There's something I found charming, in a way, about a sofa that shouldn't have been there in the first place being used casually for its intended purpose, as if it were in his living room, or as if it should be where it now is.

As the younger fellow continued his call, the long-haired, older fellow appeared. He's someone whom I've seen around the neighborhood for years, usually riding a beater of a bicycle. I've generally assumed him to be homeless, but certainly do not know that to be the case. (Edit on May 4, 2020: I was kindly contacted by a friend who knows this gentleman, and I am now aware that he owns a used bookstore in the city.)

Another thing I should tell you at this point is that I tend to spend a good bit of time on my porch during nice weather, and that's been especially true during the lockdown of the coronavirus crisis. So, there I was, watching something that almost could've passed for a scene transpiring on a theatrical set, lit beautifully by golden hour sunshine.

The first thing I found interesting about the older guy's arrival was that he eased himself, seemingly without hesitation, into a space I think others might've avoided until the younger guy had vacated the rust-colored sofa. I also couldn't help but consider that a man with a brace was going to manage not only a bike, but a chair, as well. Since it initially appeared to me that the chair had metal components (but probably not, upon closer inspection of the photos), my assumption was that perhaps he was going to scrap those elements of it.

As all of this began to unfold, the younger guy casually looked back a couple of times when he realized the older man was moving closer, but largely appeared to continue on with his phone conversation as if nothing about it were unusual. Then, as the older man eventually began to leave the scene, the younger guy did turn and briefly take in the sight.

I consider myself at least reasonably observant – and certainly an observer of human nature – and I would say that a fair bit of the photography I've done falls into a documentary style, though I try to ensure there's some element of loveliness present, or an interesting twist. Obviously, in this instance, I found the tableau too interesting and full of contrasts to ignore, to the point that I wound up with a subset of photos that I felt related a story of their own, branching off from the primary concept that had led to my turning a lens toward the discarded furniture in the first place.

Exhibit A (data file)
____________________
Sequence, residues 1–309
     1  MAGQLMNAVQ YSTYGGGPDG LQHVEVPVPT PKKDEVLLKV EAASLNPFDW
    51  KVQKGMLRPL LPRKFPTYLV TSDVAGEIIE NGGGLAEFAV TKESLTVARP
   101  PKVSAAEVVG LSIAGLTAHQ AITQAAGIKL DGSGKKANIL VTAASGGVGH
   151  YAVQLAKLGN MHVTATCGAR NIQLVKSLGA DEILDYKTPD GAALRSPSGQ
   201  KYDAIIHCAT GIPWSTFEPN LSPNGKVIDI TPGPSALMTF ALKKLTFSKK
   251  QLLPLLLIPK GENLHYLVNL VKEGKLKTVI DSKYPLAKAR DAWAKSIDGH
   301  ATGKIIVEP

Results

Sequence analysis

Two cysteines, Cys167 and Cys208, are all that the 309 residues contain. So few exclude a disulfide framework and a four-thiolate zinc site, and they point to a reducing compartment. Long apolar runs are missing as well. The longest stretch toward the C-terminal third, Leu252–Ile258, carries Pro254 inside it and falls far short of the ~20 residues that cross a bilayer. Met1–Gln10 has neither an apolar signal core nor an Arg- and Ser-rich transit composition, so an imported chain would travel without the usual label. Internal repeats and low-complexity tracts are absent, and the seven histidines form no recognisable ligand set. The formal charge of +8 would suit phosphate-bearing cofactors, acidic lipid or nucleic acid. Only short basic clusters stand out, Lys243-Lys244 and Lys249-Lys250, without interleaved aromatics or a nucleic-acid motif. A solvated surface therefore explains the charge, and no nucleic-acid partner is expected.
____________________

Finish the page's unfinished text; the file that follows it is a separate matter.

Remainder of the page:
If the photographs make you uncomfortable, I can imagine at least a few possible reasons for that, one being the amount of waste Americans generate, as showcased here. Another, of course, would be the inequities in this society that are easy to spot, as some seemingly eke out an existence with others' cast-offs, and transform others' waste into something more useful (though that is the sort of efficiency that once seems to have been more widely lauded in U.S. society). A third reason is that I think the photos have a voyeuristic feel, similar to a gaze that lingers too long, even though all of this transpired in public, within full view of the residents of any of the scores of apartments who might've cast a glance outside, much as I observed it from my porch.

Lastly, I must say that just in the course of writing this, more furniture appeared – a large mirror, a recliner, and a table – and the mirror, recliner, and one of the case goods (a dresser, perhaps) have now been carted away, at least some of it by a young couple. And now, during the course of editing this, the recliner has returned.

So, it seems that even if perhaps not everything old is new again, at least some of it is, and the circle of life continues on.